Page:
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Original research article
Comparative trends in coronary heart disease subgroup hospitalisation rates in England and Australia
  1. Lee Nedkoff1,
  2. Raphael Goldacre2,
  3. Melanie Greenland1,
  4. Michael J Goldacre2,
  5. Derrick Lopez1,
  6. Nick Hall2,
  7. Matthew Knuiman1,
  8. Michael Hobbs1,
  9. Frank M Sanfilippo1,
  10. F Lucy Wright3
  1. 1 School of Population and Global Health, The University of Western Australia, Perth, Western Australia, Australia
  2. 2 Unit of Health-Care Epidemiology, Big Data Institute, Li Ka Shing Centre for Health Information and Discovery, University of Oxford, Oxford, England
  3. 3 Nuffield Department of Population Health, University of Oxford, Oxford, UK
  1. Correspondence to Dr Lee Nedkoff, School of Population and Global Health, The University of Western Australia, Perth, WA 6009, Australia; lee.nedkoff{at}uwa.edu.au

Abstract

Background Population-based coronary heart disease (CHD) studies have focused on myocardial infarction (MI) with limited data on trends across the spectrum of CHD. We investigated trends in hospitalisation rates for acute and chronic CHD subgroups in England and Australia from 1996 to 2013.

Methods CHD hospitalisations for individuals aged 35–84 years were identified from electronic hospital data from 1996 to 2013 for England and Australia and from the Oxford Region and Western Australia. CHD subgroups identified were acute coronary syndromes (ACS) (MI and unstable angina) and chronic CHD (stable angina and ‘other CHD’). We calculated age-standardised and age-specific rates and estimated annual changes (95% CI) from age-adjusted Poisson regression.

Results From 1996 to 2013, there were 4.9 million CHD hospitalisations in England and 2.6 million in Australia (67% men). From 1996 to 2003, there was between-country variation in the direction of trends in ACS and chronic CHD hospitalisation rates (p<0.001). During 2004–2013, reductions in ACS hospitalisation rates were greater than for chronic CHD hospitalisation rates in both countries, with the largest subgroup declines in unstable angina (England: men: −7.1 %/year, 95% CI −7.2 to –7.0; women: −7.5 %/year, 95% CI −7.7 to –7.3; Australia: men: −8.5 %/year, 95% CI −8.6 to –8.4; women: −8.6 %/year, 95% CI −8.8 to –8.4). Other CHD rates increased in individuals aged 75–84 years in both countries. Chronic CHD comprised half of all CHD admissions, with the majority involving angiography or percutaneous coronary intervention.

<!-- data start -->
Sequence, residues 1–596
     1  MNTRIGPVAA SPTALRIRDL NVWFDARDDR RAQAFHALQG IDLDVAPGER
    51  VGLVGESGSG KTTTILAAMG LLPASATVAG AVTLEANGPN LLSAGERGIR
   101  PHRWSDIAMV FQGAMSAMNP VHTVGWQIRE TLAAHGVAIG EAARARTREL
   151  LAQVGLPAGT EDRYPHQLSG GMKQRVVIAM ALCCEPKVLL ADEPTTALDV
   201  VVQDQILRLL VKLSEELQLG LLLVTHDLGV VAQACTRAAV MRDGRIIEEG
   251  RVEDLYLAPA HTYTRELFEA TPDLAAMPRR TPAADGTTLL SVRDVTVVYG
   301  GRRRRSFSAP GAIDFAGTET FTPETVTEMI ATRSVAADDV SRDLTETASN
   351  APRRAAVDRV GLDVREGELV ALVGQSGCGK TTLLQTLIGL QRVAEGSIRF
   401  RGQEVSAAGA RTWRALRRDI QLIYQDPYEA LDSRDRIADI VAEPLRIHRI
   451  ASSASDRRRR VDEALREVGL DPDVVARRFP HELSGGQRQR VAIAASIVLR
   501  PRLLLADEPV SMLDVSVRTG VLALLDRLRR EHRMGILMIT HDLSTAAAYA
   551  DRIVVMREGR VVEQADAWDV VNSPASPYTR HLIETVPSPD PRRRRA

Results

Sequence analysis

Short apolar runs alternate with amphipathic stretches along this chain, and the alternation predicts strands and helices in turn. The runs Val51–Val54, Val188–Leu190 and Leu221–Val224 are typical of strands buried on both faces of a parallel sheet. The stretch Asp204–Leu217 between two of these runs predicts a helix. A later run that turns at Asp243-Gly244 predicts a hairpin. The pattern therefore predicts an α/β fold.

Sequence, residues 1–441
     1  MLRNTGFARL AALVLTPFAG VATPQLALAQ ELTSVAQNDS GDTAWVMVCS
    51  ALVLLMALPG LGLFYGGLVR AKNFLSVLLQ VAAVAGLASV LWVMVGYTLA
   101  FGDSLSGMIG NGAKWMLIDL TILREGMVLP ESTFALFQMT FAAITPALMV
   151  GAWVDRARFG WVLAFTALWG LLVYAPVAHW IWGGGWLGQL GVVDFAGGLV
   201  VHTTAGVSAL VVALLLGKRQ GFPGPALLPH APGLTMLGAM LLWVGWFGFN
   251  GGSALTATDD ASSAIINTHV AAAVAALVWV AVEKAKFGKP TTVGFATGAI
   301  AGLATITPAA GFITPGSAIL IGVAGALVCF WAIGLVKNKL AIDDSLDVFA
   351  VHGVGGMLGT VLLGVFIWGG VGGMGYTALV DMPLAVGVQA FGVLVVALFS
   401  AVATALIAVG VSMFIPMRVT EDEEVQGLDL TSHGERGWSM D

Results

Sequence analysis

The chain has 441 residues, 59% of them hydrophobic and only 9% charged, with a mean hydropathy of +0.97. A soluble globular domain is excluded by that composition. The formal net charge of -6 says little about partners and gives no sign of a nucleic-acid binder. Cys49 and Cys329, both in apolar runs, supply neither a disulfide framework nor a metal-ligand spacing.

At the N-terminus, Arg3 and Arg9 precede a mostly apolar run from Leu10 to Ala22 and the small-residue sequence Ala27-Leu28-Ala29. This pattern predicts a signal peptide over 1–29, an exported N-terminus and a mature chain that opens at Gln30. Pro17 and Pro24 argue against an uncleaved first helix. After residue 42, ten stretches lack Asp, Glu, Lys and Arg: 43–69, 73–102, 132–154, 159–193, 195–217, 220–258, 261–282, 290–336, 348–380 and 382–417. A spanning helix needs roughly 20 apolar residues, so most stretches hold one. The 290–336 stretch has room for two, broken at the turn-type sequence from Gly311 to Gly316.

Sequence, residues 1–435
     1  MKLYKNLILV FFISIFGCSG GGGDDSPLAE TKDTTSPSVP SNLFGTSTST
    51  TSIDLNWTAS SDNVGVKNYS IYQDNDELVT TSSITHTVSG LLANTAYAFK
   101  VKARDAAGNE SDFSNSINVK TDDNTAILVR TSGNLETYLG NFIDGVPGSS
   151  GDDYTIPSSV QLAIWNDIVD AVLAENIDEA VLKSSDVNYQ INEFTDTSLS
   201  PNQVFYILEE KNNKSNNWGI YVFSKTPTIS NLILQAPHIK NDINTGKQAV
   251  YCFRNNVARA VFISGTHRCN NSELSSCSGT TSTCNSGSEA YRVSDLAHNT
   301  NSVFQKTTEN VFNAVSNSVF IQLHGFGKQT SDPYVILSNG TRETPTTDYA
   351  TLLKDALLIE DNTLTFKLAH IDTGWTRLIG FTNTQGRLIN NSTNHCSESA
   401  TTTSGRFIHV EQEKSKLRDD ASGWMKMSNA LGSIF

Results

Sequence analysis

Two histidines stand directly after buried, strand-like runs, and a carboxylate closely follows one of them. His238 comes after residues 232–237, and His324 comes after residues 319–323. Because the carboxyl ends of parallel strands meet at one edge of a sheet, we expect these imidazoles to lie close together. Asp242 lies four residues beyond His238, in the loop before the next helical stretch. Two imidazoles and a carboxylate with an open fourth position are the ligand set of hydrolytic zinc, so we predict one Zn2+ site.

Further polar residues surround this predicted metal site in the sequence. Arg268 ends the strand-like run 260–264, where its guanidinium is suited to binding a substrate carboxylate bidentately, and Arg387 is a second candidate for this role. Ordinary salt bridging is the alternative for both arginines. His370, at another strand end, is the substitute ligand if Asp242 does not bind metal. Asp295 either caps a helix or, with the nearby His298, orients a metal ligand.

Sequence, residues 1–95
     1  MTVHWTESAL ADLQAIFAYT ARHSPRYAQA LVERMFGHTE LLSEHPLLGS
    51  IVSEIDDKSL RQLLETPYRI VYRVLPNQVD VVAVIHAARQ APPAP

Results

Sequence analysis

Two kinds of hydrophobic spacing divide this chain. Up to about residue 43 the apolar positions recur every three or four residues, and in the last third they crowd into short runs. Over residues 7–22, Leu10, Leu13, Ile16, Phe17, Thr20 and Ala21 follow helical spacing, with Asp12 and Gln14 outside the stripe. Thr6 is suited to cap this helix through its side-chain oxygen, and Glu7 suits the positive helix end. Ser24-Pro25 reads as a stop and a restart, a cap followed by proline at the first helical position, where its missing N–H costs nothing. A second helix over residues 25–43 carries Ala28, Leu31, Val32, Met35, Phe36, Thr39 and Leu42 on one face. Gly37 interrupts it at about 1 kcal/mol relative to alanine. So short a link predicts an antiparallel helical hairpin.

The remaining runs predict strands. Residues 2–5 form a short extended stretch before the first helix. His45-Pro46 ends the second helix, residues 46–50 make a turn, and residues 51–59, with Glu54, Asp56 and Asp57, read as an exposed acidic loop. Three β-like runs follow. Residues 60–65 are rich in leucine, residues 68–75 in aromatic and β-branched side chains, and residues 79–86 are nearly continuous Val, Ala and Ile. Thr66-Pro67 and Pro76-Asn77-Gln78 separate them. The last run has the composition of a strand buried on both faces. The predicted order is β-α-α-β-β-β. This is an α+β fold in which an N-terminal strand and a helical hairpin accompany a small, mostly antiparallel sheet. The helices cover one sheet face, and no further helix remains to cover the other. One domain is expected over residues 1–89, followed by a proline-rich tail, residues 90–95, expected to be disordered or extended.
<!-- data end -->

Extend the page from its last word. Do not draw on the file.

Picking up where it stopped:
Conclusions Since 2004, rates of all CHD subgroups have fallen, with greater declines in acute than chronic presentations. The slower declines and high proportion of chronic CHD admissions undergoing coronary procedures requires greater focus.

  • acute coronary syndromes
  • chronic coronary disease
  • epidemiology
  • acute myocardial infarction
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Footnotes

  • Contributors LN and FLW conceived the study; LN, MG and RG carried out the data analysis; MJG, MH, DL and FMS provided input into methodology; MK and MG provided statistical advice; LN wrote the manuscript; all authors provided interpretation and critical revisions for the data and reviewed the manuscript.

  • Funding The work was supported by the National Health and Medical Research Council (NHMRC) of Australia (Grant number 572558) and a Research Collaboration Award from The University of Western Australia. LN is supported by an NHMRC Early Career Fellowship (1110337); RG is partly funded by Public Health England. The Big Data Institute has received funding from the Li Ka Shing and Robertson Foundations, the Medical Research Council, British Heart Foundation and is supported by the NIHR Oxford Biomedical Research Centre.

  • Competing interests None declared.

  • Ethics approval Ethics approval was obtained from the Central and South Bristol Multi-Centre Research Ethics Committee (04/Q2006/176) for the English and ORLS record-linked data by the Unit of Health Care Epidemiology. Approval for use of the Western Australia data was obtained from the WA Department of Health and UWA Human Research Ethics Committees.

  • Provenance and peer review Not commissioned; externally peer reviewed.

  • Data sharing statement No additional data are available.

  • Patient consent for publication Not required.

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